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The former Nigerian foreign and finance minister suggested that the G20 investigate blockchain technologies to reduce the gender gap.
Ngozi Okonjo-Iweala, the World Trade Organization’s director general and former Nigerian foreign and finance minister, stated that blockchain technology may help empower unbanked and underbanked women throughout the world.
Today, I addressed the G20 High Level Independent Panel on Financing the Global Commons for Pandemic Preparedness and Response, asking regulators and politicians how blockchain technology might assist promote financial inclusion for women in the aftermath of COVID-19 and beyond. Okonjo-Iweala, a co-chair on the panel, was the only one to talk on women in blockchain among numerous participants, including representatives from the United States and Singapore.
“Of course blockchain is something that brings more transparency in the way that business is done and removes intermediaries,” said the WTO director-general. “I think that particularly in the finance area the ability to introduce this into transactions, I think could be particularly beneficial to women who are often excluded from access to finance. I think this is a good thing, something we should look into.”
Women have traditionally had greater difficulty obtaining financial services than males in many nations, a condition that may have been worsened by the epidemic, which caused many institutions to close. Many experts have proposed using cryptocurrency and blockchain technology to promote financial inclusion in areas that lack the same infrastructure as developed countries, particularly in areas where women may face long travel times to access credit providers, restrictions on opening bank accounts, and, in some cases, are not even allowed to legally own property.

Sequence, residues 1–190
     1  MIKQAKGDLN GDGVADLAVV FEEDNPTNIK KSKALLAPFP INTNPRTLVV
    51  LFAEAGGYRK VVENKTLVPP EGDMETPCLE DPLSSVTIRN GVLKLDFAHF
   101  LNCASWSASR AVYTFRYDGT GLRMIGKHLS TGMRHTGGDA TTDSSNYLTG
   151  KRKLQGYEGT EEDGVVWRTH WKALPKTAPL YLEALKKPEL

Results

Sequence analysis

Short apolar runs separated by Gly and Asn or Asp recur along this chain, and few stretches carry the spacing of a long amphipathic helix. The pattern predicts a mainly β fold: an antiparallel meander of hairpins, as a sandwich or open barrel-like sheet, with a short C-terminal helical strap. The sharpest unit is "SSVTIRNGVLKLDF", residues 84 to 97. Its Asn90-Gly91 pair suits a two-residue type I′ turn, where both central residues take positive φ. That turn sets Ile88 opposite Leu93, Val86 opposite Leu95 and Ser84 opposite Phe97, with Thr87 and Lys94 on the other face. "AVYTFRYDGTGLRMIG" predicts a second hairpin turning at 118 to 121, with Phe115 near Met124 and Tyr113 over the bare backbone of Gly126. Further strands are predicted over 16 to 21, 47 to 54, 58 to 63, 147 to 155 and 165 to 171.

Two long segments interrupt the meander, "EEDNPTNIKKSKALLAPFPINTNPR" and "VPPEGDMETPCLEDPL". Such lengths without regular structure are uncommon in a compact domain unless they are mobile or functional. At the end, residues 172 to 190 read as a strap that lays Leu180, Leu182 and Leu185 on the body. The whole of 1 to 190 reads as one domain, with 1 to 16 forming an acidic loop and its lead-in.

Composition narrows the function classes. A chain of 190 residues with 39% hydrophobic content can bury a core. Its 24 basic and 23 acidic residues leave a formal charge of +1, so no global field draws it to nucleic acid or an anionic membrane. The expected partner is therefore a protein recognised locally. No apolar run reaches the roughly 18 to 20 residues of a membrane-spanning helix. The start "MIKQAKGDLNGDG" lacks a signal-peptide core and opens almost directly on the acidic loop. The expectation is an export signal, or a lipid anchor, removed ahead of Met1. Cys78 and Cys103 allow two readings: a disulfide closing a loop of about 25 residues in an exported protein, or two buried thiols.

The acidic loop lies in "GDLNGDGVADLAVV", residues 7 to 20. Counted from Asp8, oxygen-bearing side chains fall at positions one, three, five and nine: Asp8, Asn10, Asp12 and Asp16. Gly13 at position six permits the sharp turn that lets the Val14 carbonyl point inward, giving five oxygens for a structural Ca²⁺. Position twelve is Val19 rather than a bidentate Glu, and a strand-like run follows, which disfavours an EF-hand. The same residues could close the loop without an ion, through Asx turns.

Women are still underrepresented in the blockchain and crypto industries, according to a World Economic Forum research issued in April. The World Trade Organization has previously said that economic empowerment for women is part of its mission for creating wealth and decreasing poverty, with the organisation proposing digital solutions:
“E-commerce conducted through online platforms can be an easy and inexpensive way for women to trade globally, to enter new foreign markets, to expand their businesses and to harness their entrepreneurship.”
Crypto and blockchain could be a likely extension of this view, using digital currencies as a method of payment and blockchain for banking and more. However, it’s unclear how individual economies will respond as some developed countries reopen amid high vaccination rates while others remain partially or fully closed.